Sharing needles with other people has risks. When you use someone else’s needle to inject drugs, steroids, or other substances, you come in contact with their blood. Human immunodeficiency virus (HIV), the virus that causes AIDS, passes from one person to another through blood and other bodily fluids.
Needle sharing is the second biggest risk for HIV, after anal sex. About 1 in 10 new HIV infections happen in people who inject drugs.
How Needle Sharing Exposes You to HIV
When a person uses a needle to inject drugs, some of their blood goes into the needle and syringe. HIV spreads through blood. If you use the same needle as someone who has the virus, the HIV-infected blood goes into your body.
You can get HIV whether you inject drugs into a vein, under your skin, or into a muscle.
Sharing needles isn’t the only way to get HIV. Your risk also increases if you:
- Prepare drugs with a syringe that contains someone else’s infected blood
- Share the water someone else used to clean out their needle and syringe
- Reuse spoons, filters, or containers used to dissolve and heat drugs
- Use the same filter another person used
Injected drugs also make you more likely to take risks such as having unprotected sex. That’s another way you can get HIV.
Sharing needles can also put you in contact with other infections that you can get through blood. These include the liver diseases hepatitis B and hepatitis C .. Tuberculosis. is a respiratory disease but intravenous drug use increases your risk of contracting it.
Ways to Lower Your Risk
One way to protect yourself from HIV is to stop injecting drugs. You can get help for substance use disorder from a doctor, counselor, or community treatment program.
If you can’t stop injecting drugs, don’t share needles. Use a new, clean needle and syringe every time you inject. You can buy new needles at many drugstores without a prescription.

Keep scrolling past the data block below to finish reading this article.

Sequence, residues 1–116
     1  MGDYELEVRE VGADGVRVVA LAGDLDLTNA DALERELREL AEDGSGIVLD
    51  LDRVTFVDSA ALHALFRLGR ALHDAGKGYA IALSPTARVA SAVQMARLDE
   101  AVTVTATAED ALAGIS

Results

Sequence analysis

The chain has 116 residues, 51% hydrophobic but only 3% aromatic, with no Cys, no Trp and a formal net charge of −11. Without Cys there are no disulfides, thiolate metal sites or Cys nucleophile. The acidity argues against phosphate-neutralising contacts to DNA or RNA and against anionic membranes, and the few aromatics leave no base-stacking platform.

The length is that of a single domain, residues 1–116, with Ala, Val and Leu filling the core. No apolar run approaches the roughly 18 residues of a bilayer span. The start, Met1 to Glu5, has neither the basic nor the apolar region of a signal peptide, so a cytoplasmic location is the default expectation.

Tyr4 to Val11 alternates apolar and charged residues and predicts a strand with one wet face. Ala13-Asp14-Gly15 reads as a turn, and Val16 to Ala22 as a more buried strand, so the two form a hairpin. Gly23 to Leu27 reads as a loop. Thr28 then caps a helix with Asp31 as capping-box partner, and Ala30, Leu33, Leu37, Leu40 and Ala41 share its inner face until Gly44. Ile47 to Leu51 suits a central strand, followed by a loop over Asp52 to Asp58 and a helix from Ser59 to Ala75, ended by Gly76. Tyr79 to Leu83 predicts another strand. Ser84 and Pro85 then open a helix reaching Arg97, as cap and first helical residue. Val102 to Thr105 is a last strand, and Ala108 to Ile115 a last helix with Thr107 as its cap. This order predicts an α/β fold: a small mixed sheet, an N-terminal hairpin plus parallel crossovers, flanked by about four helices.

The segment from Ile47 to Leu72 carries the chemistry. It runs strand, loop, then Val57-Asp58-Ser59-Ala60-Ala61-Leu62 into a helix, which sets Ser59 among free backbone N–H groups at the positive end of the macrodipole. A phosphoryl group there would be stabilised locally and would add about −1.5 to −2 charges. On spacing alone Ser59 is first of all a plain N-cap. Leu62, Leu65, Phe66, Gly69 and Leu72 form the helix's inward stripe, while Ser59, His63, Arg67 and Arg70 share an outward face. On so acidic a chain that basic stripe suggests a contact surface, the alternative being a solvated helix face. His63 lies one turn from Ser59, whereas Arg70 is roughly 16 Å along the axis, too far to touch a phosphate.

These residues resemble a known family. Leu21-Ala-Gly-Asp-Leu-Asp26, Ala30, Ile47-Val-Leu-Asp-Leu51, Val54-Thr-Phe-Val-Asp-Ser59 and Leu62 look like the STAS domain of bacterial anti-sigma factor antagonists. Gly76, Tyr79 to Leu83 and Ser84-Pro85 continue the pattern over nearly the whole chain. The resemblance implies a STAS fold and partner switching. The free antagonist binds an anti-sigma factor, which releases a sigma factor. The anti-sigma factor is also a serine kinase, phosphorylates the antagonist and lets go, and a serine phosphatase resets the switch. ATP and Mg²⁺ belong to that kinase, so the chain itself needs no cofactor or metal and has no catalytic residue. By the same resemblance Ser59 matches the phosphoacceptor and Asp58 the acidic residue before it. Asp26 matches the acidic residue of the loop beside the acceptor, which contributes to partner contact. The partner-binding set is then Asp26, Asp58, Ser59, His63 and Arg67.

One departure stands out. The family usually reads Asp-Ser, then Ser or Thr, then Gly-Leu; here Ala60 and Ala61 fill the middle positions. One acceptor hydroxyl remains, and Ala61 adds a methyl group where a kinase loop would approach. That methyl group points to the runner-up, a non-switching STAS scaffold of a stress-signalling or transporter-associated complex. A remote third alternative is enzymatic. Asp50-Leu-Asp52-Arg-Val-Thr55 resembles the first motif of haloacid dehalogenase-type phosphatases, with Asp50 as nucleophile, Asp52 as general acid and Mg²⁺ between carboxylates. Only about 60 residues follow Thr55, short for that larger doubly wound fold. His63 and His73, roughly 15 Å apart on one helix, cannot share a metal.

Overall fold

Some communities have syringe programs where you can pick up new needles and syringes and get rid of used ones. Another name for these services is needle exchange programs. Some of these programs also offer other services, such as health screenings and medical care.
If you don’t have access to a new syringe, reduce your risk of HIV by cleaning your syringes before you use them. Follow this three-step process:
- Fill a syringe with clean water, tap or shake it for 30 seconds, and then empty out the water. Repeat this process until the syringe is clear and you can’t see any blood.
- Fill the syringe with bleach, tap or shake it for 30 seconds, and then empty out the bleach.
- Fill the syringe with clean water, tap or shake it for 30 seconds, and then empty out the water.
Another way to protect yourself is with pre-exposure prophylaxis (PrEP). PrEP is a pill you take once a day to prevent getting HIV from needles or sex. Ask your doctor if PrEP is right for you.
It’s important to know that using drugs can lead to other risky behaviors, such as unprotected sex. You can lower your risk of HIV by using a condom every time you have sex.
What to Do if You Think You’ve Been Exposed
Go to a hospital or health clinic as soon as you can. The health care provider will give you an HIV test and decide whether you should take an emergency medicine called PEP, or post-exposure prophylaxis.
In people who are HIV-negative, PEP prevents the virus from causing infection and spreading. But you must start PEP within 72 hours (3 days) of when you’re exposed to the virus for it to work. And you’ll need to keep taking the medicine for 28 days.